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On the Box - TV Preview

1 of 1 Arrested Development is back in one big chunk on Netflix
Arrested Development is back in one big chunk on Netflix

John Byrne’s TV choices for the week ahead (Sat May 25 – Fri May 31)

Arrested Development is back in one big chunk on Netflix, new drama The Americans comes to RTÉ Two, while it’s goodbye to Revenge, The Late Late Show, Elementary and others.

Pick of the week

Arrested Development (from Sunday, Netflix)

Arrested Development is back for a fourth season – this time on Netflix.

The cult US comedy originally ran from 2003 to 2006, on Fox in the US and on BBC TWO on this side of the Atlantic, and after years of speculation it’s finally returned with its cast complete. Jason Bateman, Portia De Rossi, Michael Cera, Jeffrey Tambor, Tony Hale and the rest of the gang reunited for a new run that will take up the story of the dysfunctional (and thankfully fictional) Bluth family.

The season will consist of 15 new episodes, all debuting on Netflix on May 26, 2013 – just like a box set.

Several actors who had recurring roles in the original series are scheduled to reprise their roles, including Henry Winkler as Barry Zuckerkorn, Mae Whitman as Ann Veal, Scott Baio as Bob Loblaw, Judy Greer as Kitty Sanchez, and Liza Minnelli as Lucille Austero; while new characters will be played by John Slattery, Terry Crews and Isla Fisher. The plot of the season focuses on the fictional production of a film based on the Bluth family scandal.

The genius behind it all, show creator Mitchell Hurwitz, has stated that each of the new season's fifteen episodes will focus on one individual character—with every episode happening at the same time within the show's universe—showing the character's activities since the conclusion of the third season.

Fans have been looking forward to this day for some time – fingers crossed Hurwirtz and the gang deliver.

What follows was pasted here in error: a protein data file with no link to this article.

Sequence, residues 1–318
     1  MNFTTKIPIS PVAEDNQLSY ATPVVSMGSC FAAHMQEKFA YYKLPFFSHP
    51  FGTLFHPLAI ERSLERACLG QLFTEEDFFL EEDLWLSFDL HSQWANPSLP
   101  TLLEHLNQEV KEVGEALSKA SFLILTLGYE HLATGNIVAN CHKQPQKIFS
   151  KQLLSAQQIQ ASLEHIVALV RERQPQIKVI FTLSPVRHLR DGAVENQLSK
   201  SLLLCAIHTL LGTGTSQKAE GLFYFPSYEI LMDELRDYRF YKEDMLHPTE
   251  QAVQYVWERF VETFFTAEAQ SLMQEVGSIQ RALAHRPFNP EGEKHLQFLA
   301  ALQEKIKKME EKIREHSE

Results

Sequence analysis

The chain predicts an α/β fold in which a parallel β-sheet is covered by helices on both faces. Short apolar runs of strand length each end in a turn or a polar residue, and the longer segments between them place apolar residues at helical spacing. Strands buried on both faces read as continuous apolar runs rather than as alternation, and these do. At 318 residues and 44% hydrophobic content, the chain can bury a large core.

Star of the week

Eve Myles

Frankie (Wednesday, BBC One)

The really difficult trick about being on a successful TV show is getting on another one. Eve Myles – who established herself as the gobby Gwen on Doctor Who offshoot Torchwood – has managed that feat with her highly-acclaimed portrayal of nurse Frankie Maddox, the strong-but-fun, girl-next-door type who could be both best friend and life-saver.

What Myles brings to a part is a sense of reality. Viewers feel that she isn’t playing a part, but actually is the character she’s playing. That ability to make a character ring true marks her down as someone who should have a long and successful career.

Written by Lucy Gannon, whose previous include other medical dramas such as Peak Practice and Bramwell, Frankie was instantly relatable when it launched a couple of weeks ago and promises to be her best work yet. Frankie is always putting her patients first, but in this week’s episode – note that Frankie has moved from Tuesdays to Wednesdays in order to make room for Alan Sugar’s The Apprentice – she is determined to take charge of her personal life, repainting her house, changing her locks and throwing out Ian’s stuff.

Her professional life, however, is under strain as the circumstances of Liana Corden’s death are investigated. Frankie finds herself in need of the support of her team more than ever.

Starting this week

The Americans (Thursday, RTÉ Two)

Former Brothers & Sisters’ star Matthew Rhys (he played Kevin) heads the cast in this new period drama about the complex marriage of two KGB spies posing as Americans in suburban Washington DC shortly after Ronald Reagan is elected President.